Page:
The embassy did not provide specifics, including how imminent is the threat.
The Taliban have been harshly criticized for their treatment of women and girls during their five-year rule when the insurgent group denied girls access to school and women to work outside their home. The Taliban rule ended in 2001 when a US-led coalition ousted the hard-line regime for its part in sheltering al-Qaida, which was responsible for the 9/11 terrorist attacks on the United States.
One of the government-appointed peace negotiators, Fawzia Koofi, a strong, outspoken proponent of women’s rights, was shot last month in Afghanistan, but escaped serious injuries and attended the opening of negotiations last weekend. The Taliban quickly denied responsibility and Khalilzad again warned of the dangers to the process.
The United States has said that perhaps one of the most dangerous extremist groups operating in Afghanistan is the Islamic State affiliate, headquartered in the country’s east and held responsible for some of the most recent attacks. The IS affiliate has declared war on minority Shia Muslims and has claimed credit for horrific attacks targeting them.
The United Nations as well as Afghanistan’s many international allies have stressed the need for any peace deal to protect the rights of women and minorities. Negotiations are expected to be difficult and protracted and will also include constitutional changes, disarming the tens of thousands of the Taliban as well as militias loyal to warlords, some of whom are allied with the government.
The advances for women made since 2001 have been important. Women are now members of parliament, girls have the right to education, women are in the workforce and their rights are enshrined in the constitution. Women are also seen on television, playing sports and winning science fairs.
But the gains are fragile, and their implementation has been erratic, largely unseen in rural areas where most Afghans still live.
The 2018 Women, Peace and Security Index rated Afghanistan as the second worst place in the world to be a woman, after Syria. Only 16 percent of the labor force are women, one of the lowest rates in the world, and half of Afghanistan’s women have had four years or less of education, according to the report, which was compiled by the Georgetown Institute for Women, Peace and Security and the Peace Research Institute of Oslo. Only around half of school-aged girls go to school, and only 19 percent of girls under 15 are literate, according to the U.N. children’s agency.
Nearly 60 percent of girls are married before they are 19, on average between 15 and 16 years old, to spouses selected by their parents, according to UNICEF.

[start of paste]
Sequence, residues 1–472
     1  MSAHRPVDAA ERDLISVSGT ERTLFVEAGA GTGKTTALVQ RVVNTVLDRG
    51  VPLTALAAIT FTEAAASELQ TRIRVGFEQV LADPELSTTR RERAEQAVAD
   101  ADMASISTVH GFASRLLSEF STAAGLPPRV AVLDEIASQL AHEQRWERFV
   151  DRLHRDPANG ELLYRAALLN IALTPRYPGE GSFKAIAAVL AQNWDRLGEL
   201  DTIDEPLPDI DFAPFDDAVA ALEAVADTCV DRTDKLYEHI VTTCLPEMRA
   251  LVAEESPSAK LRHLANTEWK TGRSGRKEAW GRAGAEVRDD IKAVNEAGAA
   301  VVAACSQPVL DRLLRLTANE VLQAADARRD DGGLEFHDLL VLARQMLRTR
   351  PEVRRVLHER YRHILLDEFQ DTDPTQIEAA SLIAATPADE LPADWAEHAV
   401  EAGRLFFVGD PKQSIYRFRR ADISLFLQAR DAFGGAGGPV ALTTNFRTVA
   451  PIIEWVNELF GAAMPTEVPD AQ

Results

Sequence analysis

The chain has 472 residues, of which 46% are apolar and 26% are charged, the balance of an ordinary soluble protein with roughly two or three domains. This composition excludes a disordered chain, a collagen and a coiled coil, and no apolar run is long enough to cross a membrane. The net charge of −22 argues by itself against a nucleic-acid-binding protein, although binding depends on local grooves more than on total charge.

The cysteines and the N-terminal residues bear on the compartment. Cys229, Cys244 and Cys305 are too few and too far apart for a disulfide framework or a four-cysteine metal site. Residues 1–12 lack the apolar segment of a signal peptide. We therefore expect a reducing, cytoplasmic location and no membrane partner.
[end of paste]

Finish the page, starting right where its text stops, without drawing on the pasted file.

Until now, parliament has been unable to ratify a bill on the protection of women.
There are also Islamic hard-liners among the politically powerful in Kabul, including Abdul Rasul Sayyaf, who is the inspiration behind the Philippine terrorist group Abu Sayyaf, and Gulbuddin Hekmatyar, a US-designated militant who made peace with President Ashraf Ghani’s government in 2016.
This Muslim Beauty Blogger Styles Her Hijab With These Amazing Anime Looks
By Anisah Vasta
September 18, 2020
It all started with some Disney princesses. It was 2015 and Birmingham based beauty blogger, Saima Chowdhury, was attempting to recreate Jasmine from Aladdin and Rapunzel from Tangled for a new video series on her YouTube channel.
She dressed up as some other characters from the Disney kingdom, too – everyone from Cinderella to Ariel – always making sure to shape her hijab to match their trademark princess looks. But it was Rapunzel – she of the long flowing hair – who got the biggest response.
Chowdhury had started her channel, saimasmileslike, in 2009 at the age of 16. What began as a comedy platform is now home to a range of brilliant videos from make-up routines and hijab tutorials to myth-busting period and sex ed chat. It found a loyal audience, including but not limited to other young South Asian Brits. Such is her following, she dropped out of Birmingham City University to pursue a full time career as a social media influencer.
“That was the closest I got to cosplay,” says the 26-year-old of the Disney project that inspired her to venture deeper into the world of dressup.
As a photography student, she’d discovered the joys of Japanese anime culture in a big way. It soon became an obsession. “After watching [Japanese manga series] Demon Slayer I was so inspired to recreate these characters,” she tells HuffPost UK. “Then one thing led to another.”
Cosplay, the art of dressing up as a fictional character by meticulously matching their outfit, face and gestures, has a huge global community. But talking about what it means to her, Chowdhury says: “It’s all about transforming yourself into a different character! There’s no rules, it’s all about having fun and showing your interpretation of the character you love!”